The apple played an important role in the New World, with numerous orchards planted across the east coast of the US. The apples were primarily grown to make hard cider, the most popular drink in colonial America.
The first orchards planted in Massachusetts were in 1625, grown from seeds brought over from England. Varieties common during Washington Irving’s day would’ve been the:
- Roxbury Russet
- Newtown Pippin
- and the Rhode Island Greening.
The Rhode Island Greening would have been a likely option for an apple pie in The Legend of Sleepy Hollow. However, for those around the world, the Granny Smith apple will stand in nicely.
The number of apples available lead to numerous apple dishes found at most meals. It’s been suggested the number of apple dishes began the saying ‘As American as apple pie’, although the saying has also been linked to World War II.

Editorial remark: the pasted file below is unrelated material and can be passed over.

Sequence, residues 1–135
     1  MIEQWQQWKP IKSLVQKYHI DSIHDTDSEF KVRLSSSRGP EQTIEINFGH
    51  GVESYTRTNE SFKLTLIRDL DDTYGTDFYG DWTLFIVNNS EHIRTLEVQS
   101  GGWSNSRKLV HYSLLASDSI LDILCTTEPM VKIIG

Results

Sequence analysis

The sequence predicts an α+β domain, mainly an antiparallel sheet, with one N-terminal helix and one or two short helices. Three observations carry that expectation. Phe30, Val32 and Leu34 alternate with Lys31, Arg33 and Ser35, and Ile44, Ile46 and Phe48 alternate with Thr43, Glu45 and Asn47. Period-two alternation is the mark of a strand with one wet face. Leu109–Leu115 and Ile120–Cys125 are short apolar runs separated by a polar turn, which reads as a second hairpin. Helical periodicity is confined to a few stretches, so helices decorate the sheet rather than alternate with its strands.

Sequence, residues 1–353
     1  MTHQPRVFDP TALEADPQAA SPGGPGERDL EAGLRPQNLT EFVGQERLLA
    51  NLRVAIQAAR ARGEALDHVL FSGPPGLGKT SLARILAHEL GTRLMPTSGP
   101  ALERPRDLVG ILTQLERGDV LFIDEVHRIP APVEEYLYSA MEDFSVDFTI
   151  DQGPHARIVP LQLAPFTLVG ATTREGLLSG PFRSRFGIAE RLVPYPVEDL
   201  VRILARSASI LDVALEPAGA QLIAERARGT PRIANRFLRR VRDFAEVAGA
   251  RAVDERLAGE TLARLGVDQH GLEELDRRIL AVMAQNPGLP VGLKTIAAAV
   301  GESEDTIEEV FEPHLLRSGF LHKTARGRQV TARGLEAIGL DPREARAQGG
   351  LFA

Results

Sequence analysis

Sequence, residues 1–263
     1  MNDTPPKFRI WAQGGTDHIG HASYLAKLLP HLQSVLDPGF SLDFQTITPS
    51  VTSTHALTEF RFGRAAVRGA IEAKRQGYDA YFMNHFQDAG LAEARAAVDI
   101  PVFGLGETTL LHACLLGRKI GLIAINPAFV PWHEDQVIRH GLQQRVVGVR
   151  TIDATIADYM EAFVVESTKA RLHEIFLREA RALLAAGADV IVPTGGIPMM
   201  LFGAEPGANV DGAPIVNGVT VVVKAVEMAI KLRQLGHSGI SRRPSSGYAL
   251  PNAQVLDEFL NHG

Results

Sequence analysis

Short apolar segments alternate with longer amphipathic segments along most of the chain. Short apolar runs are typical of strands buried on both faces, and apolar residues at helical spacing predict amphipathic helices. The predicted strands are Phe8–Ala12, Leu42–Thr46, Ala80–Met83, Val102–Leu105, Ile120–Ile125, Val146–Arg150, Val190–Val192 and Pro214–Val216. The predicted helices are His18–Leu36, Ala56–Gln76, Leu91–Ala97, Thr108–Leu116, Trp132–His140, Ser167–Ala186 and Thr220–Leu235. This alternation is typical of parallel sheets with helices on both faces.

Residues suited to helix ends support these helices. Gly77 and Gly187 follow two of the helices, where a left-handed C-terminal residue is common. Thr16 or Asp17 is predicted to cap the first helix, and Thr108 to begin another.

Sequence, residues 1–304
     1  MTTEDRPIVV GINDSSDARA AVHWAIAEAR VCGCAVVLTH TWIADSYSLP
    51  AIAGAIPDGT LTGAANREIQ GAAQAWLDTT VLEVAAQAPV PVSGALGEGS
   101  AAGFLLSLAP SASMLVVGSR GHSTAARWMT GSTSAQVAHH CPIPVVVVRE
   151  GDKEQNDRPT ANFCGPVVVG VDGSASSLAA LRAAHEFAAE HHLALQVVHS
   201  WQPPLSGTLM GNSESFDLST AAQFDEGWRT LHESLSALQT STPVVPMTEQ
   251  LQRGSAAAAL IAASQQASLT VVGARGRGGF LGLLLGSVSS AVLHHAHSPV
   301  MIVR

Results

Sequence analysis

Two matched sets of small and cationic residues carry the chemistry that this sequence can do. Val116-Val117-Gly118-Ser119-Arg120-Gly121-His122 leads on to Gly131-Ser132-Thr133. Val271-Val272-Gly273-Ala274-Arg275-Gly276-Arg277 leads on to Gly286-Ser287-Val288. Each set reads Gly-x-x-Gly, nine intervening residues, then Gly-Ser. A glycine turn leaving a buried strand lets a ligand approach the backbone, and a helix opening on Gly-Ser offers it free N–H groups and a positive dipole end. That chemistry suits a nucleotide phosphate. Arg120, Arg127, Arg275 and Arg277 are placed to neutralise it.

The all American apple pie can be traced way back to the 1300’s in England. Fortunately in the 1700’s they were using sugar and edible crusts, a big jump from the 1300’s where the crusts were merely dishes, and sugar was too expensive to use. The recipe Ichabod would have tasted would have been similar to the ones we eat today.
- 8 granny smith apples, peeled and cored
- ¾ cup/ 150g/ 5.3oz sugar
- ⅓ cup currants
- juice of 1 orange
- ¼ cup/57 grams butter
- pie shell
- Place the apple slices in the pie shell and sprinkle a layer of sugar on top and a handful of currants, then repeat the layering until apples, sugar and currants are used up.
- Pour the orange juice over the apples then dab little dots of butter all over the apples.
- To finish, top the pie with lattice or strips of dough or a solid pie crust, but with a hole in the middle for ventilation.
- Bake at 450F/ 230C for the first 15 minutes, then reduce heat to 350F/175C and continue baking for 45 minutes.
Try these other Legend of Sleepy Hollow recipes.
You can also go back to the main post on Throwing a Legend of Sleepy Hollow Party for the list to all Sleepy Hollow party recipes.
Looking for other historical apple recipes? Try Baked Apples from Jane Austen’s Emma